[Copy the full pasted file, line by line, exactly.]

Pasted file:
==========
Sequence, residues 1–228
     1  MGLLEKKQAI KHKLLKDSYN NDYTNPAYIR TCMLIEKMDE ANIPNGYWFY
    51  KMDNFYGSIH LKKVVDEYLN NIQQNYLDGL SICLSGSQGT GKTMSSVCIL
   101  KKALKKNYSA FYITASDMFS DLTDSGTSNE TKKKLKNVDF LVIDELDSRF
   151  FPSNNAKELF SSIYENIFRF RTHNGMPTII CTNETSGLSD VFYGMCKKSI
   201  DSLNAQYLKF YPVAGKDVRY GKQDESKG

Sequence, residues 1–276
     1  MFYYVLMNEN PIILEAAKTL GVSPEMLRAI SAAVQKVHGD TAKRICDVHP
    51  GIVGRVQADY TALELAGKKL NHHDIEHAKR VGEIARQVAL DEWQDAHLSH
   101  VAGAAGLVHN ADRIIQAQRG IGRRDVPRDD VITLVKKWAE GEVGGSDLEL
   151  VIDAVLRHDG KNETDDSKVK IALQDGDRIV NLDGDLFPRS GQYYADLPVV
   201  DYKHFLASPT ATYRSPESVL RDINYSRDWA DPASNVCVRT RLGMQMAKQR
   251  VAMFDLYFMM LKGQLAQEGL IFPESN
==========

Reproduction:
Sequence, residues 1–228
     1  MGLLEKKQAI KHKLLKDSYN NDYTNPAYIR TCMLIEKMDE ANIPNGYWFY
    51  KMDNFYGSIH LKKVVDEYLN NIQQNYLDGL SICLSGSQGT GKTMSSVCIL
   101  KKALKKNYSA FYITASDMFS DLTDSGTSNE TKKKLKNVDF LVIDELDSRF
   151  FPSNNAKELF SSIYENIFRF RTHNGMPTII CTNETSGLSD VFYGMCKKSI
   201  DSLNAQYLKF YPVAGKDVRY GKQDESKG

Sequence, residues 1–276
     1  MFYYVLMNEN PIILEAAKTL GVSPEMLRAI SAAVQKVHGD TAKRICDVHP
    51  GIVGRVQADY TALELAGKKL NHHDIEHAKR VGEIARQVAL DEWQDAHLSH
   101  VAGAAGLVHN ADRIIQAQRG IGRRDVPRDD VITLVKKWAE GEVGGSDLEL
   151  VIDAVLRHDG KNETDDSKVK IALQDGDRIV NLDGDLFPRS GQYYADLPVV
   201  DYKHFLASPT ATYRSPESVL RDINYSRDWA DPASNVCVRT RLGMQMAKQR
   251  VAMFDLYFMM LKGQLAQEGL IFPESN